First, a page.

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The Flat World and Education
Chicago's Greatest Year, 1893
Climate and Culture Change in North America AD 900 to 1600
Exploring Happiness
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Great Home Runs of the 20th Century
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In the Shadow of the Moon
Other Pasts, Different Presents, Alternative Futures

Cades CoveCades Cove

The Life and Death of a Southern Appalachian Community 1818-1937

Durwood Dunne

Winner of the Thomas Wolfe Literary Award

Narrated by David Randall Hunter

Approximately 9.5 hours

Unabridged


Downloadable edition:

buy from Audible


Book published by University of Tennessee Press


Drawing on a rich trove of documents never before available to scholars, the author sketches the early pioneers, their daily lives, their beliefs, and their struggles to survive and prosper in this isolated mountain community, now within the confines of the Great Smoky Mountains National Park. In moving detail this book brings to life an isolated mountain community, its struggle to survive, and the tragedy of its demise.

Durwood Dunne is professor of history and political science at Tennessee Wesleyan College.

REVIEWS:

“Professor Dunn provides us with a model historical investigation of a southern mountain community. His findings on commercial farming, family, religion, and politics will challenge many standard interpretations of the Appalachian past.”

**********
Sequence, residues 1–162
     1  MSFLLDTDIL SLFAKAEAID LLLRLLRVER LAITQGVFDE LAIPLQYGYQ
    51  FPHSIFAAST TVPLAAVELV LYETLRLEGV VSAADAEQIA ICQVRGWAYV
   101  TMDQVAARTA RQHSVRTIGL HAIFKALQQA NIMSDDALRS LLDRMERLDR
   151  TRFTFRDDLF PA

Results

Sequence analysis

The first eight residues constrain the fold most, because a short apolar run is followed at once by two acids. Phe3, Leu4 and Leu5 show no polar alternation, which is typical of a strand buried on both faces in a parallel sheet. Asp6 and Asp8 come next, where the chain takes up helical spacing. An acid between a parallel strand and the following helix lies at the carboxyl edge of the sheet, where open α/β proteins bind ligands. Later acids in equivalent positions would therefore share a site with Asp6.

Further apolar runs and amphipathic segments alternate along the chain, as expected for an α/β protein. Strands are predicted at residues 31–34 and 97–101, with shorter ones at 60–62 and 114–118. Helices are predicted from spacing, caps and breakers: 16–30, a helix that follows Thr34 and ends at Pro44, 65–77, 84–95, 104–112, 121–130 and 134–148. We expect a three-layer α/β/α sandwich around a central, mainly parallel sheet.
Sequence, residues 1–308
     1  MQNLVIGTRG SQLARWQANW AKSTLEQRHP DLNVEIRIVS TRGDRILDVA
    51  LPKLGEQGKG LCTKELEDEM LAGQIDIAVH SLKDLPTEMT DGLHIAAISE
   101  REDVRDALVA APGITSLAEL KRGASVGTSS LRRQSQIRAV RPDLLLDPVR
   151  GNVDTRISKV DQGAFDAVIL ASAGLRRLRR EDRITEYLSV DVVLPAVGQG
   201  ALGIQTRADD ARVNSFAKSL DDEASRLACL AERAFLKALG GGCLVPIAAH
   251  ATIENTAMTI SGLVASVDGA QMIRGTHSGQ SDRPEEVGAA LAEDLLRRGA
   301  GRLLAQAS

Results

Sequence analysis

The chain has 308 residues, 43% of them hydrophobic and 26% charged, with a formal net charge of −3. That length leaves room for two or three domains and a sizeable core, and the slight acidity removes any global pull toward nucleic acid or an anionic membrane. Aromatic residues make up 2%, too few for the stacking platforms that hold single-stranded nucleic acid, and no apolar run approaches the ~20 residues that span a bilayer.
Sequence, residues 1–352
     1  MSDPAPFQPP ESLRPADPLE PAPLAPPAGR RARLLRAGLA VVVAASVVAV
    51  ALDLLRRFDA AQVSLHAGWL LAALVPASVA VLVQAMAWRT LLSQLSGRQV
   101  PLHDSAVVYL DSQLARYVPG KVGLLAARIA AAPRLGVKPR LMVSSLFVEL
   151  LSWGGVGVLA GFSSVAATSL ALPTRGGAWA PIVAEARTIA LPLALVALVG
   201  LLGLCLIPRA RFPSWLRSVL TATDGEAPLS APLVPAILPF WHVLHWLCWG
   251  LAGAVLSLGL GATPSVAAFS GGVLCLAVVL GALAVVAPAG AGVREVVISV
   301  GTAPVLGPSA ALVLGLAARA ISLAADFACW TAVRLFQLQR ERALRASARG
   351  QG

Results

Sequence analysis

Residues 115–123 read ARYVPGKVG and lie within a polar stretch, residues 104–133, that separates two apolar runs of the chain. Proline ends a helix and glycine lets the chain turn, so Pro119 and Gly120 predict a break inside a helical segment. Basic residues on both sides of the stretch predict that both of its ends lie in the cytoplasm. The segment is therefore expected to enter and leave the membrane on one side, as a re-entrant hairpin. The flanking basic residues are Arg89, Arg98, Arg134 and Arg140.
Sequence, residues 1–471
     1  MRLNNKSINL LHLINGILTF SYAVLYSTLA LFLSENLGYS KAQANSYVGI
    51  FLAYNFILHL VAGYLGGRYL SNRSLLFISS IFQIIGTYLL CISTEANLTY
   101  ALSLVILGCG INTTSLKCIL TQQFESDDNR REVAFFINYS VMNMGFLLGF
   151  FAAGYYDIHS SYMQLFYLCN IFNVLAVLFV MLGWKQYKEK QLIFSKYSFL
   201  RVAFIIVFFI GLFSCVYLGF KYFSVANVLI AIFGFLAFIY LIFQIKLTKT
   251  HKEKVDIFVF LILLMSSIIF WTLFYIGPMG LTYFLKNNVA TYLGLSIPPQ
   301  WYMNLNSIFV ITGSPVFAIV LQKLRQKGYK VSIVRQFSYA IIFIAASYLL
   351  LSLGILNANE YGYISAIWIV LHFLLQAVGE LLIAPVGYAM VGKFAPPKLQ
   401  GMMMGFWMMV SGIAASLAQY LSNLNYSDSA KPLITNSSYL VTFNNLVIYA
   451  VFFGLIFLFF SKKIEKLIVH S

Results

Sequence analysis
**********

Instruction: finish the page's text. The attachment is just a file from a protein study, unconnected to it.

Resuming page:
—Gordon B. McKinney, Western Carolina University.

“This is a fine book.... It is mostly about community and interrelationships, and thus it refutes much of the literature that presents Southern Mountaineers as individualistic, irreligious, violent, and unlawful.”

—Loyal Jones, Appalachian Heritage

“Dunn ... has written one of the best books ever produced about the Southern mountains.”

Virginia Quarterly Review

“This study offers the first detailed analysis of a remote southern Appalachian community in the nineteenth century. It should lay to rest older images of the region as isolated and static, but it raises new questions about the nature of that premodern community.”

American Historical Review

“Not only is his book a worthy addition to the growing body of work recognizing the complexities of southern mountain society; it is also a lively testament to the value of local history and the variety of levels at which it can provide significant enlightenment.”

—John C. Inscoe, LOCUS





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